How can we support women working in academic computing roles?
The under-representation of women working in the digital sector is a wicked problem. The WISE campaign's statistics show that women only make up around 16 percent of the UK's technology workforce, while studies suggest that 30 per cent is the point at which the representation will reach a critical mass. And there's a related issue with the tech talent pipeline, with a recent PwC report highlighting that only three per cent of the young women they surveyed said a career in technology was their first choice.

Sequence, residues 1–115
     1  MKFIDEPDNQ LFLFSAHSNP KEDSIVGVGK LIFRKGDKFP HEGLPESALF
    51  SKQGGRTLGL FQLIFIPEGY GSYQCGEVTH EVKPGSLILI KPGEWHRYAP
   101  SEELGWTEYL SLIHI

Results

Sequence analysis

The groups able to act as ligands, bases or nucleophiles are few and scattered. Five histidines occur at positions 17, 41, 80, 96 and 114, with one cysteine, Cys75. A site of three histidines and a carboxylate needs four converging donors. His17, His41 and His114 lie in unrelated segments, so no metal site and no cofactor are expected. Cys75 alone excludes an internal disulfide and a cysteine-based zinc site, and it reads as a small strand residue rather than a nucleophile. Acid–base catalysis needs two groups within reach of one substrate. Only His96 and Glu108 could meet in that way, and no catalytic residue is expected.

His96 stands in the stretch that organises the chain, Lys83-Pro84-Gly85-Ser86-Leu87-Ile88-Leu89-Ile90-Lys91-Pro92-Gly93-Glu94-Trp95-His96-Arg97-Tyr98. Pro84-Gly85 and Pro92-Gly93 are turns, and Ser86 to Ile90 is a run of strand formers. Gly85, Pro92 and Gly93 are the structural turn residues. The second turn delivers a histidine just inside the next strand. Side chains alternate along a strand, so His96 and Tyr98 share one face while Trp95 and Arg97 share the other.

At universities, it's a similar story. I manage digital programs at Newcastle University's School of Computing, where 18 per cent of women make up the student numbers in 2019/20, though that has increased from 14 per cent two years previously. Around 20 per cent of our academic staff are female, and women make up the majority of the Professional Services team supporting the department.
There has been gradual progress, supported by Advance HE's Athena Swan Charter which champions gender equality in higher education, and Newcastle University's institutional commitment through our Equality, Diversity and Inclusion strategy. Still, apart from those working in non-academic roles, women remain under-represented - and true inclusion goes beyond the numbers.